How Can Orange Juice Make Your Kale Better?

How Can Orange Juice Make Your Kale Better?

September 16, 2019 0 By Ewald Bahringer


This episode of SciShow is sponsored by Wix. Go to wix.com/go/scishow
to create your own website. [♪ INTRO] Now, there’s no shortage of classic food
pairings out there: peanut butter and jelly, chicken and waffles,
spinach and orange juice… Wait, what? Well, that’s right. Thanks to a bit of food chemistry, spinach and orange juice are a nutritional
dream team. The vitamin C in orange juice can actually help your
body absorb the iron found in vegetables like spinach. Now this matters because our bodies absorb
certain types of iron much better than others. While you only see the word “iron” on
a nutrition label, what it doesn’t tell you is that dietary
iron comes in two main varieties. Heme iron comes attached to a chemical structure
called heme, which is in turn bound up in various proteins,
mainly hemoglobin and myoglobin. Non-heme iron doesn’t come with those accessories. In general, heme iron comes from animal products
like muscle or liver, while non-heme comes from plant sources, including
leafy greens like spinach. Although meat does have quite a bit of the
non-heme variety also. And no matter how much kale you eat, that
doesn’t change the amount of non-heme iron that actually enters our bloodstream, which
is also known as its bioavailability. The bioavailability for non-heme iron is much
lower than for heme iron. Unfortunately, non-heme iron is way more common
in our diets, even for meat-eaters, so scientists look at ways to increase how
much non-heme iron we can actually absorb, because we need that stuff. One of the problems is that non-heme iron
oxidizes really easily, meaning it loses electrons and picks up a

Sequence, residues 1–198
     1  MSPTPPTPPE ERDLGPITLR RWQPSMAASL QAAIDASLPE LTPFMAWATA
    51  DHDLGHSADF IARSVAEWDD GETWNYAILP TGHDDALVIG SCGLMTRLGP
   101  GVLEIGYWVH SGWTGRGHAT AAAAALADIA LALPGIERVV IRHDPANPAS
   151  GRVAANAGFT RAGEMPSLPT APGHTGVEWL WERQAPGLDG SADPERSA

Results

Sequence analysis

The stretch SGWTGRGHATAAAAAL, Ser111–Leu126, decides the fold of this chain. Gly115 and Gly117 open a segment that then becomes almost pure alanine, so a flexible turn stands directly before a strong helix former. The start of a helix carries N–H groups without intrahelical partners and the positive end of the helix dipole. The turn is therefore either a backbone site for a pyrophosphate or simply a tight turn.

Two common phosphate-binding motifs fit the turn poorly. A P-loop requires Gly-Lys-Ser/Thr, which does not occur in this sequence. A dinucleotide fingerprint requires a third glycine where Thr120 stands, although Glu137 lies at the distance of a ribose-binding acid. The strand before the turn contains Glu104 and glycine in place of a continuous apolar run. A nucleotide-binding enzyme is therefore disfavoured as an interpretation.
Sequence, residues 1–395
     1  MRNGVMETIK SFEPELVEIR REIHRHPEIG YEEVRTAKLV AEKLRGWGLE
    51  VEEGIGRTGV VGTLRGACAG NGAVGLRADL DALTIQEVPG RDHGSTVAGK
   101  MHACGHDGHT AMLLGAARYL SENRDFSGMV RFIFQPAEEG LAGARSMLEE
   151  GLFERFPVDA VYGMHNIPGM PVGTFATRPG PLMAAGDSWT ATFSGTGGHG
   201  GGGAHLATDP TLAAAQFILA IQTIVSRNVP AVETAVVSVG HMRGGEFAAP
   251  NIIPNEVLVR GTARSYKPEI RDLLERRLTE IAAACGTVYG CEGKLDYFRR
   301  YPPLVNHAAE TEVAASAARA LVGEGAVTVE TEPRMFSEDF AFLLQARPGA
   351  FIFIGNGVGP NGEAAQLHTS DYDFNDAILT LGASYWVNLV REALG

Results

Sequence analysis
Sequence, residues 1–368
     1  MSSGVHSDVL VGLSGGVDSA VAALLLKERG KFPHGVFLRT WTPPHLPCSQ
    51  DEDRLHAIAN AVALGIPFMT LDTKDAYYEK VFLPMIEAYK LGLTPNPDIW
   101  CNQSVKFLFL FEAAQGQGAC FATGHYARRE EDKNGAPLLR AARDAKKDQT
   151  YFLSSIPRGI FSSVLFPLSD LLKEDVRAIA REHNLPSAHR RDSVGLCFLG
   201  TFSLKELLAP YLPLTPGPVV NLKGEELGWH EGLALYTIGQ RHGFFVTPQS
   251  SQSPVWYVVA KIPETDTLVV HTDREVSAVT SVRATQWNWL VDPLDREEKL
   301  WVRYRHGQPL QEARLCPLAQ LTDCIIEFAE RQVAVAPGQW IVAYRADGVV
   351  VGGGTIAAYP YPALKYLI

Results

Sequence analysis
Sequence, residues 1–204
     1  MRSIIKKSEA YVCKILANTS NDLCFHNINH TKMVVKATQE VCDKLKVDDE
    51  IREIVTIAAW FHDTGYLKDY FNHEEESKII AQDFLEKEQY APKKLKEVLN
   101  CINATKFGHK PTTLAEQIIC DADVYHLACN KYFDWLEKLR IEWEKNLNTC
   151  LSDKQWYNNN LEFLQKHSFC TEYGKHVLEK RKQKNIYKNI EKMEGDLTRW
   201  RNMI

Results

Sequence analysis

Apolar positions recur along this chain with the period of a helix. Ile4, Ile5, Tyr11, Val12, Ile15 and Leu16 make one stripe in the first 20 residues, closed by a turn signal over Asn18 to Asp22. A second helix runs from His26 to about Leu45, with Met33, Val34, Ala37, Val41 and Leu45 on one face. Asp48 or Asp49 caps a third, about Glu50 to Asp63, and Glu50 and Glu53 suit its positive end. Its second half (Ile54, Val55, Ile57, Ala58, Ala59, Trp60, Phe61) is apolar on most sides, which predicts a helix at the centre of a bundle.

more positive charge, and that new form is insoluble in our blood,
making it unusable by our bodies. A few different chemicals can help, but Vitamin
C, or ascorbate, is a common and effective way of bumping up the bioavailability
of non-heme iron. It does this by sharing an electron with the
iron, taking it from a +3 charge to a +2. This less positively charged iron is the kind
that’s absorbed by our bodies. And vitamin C is capable of a second chemical
trick, as well: similar to how heme iron comes attached to a protein, the ascorbate molecule
grabs onto non-heme iron and forms a complex with it. That keeps it soluble long enough for your
gut to absorb it. But the benefits of ascorbate on iron absorption
don’t stop there. When the body senses it’s low on iron, a protein
called transferrin carries it off to its target cells. You might say it ferries it into your system. But at the cellular level, ascorbate helps
again by stimulating the production of ferritin, a protein in the cell that receives and stores iron. So ferritin acts like a storage closet for
iron, allowing its release when it’s needed. So while orange juice might not enhance the
taste of your kale salad, it’s doing a whole lot more than you’d
think for its nutritional content. If you’re looking to share your newfound
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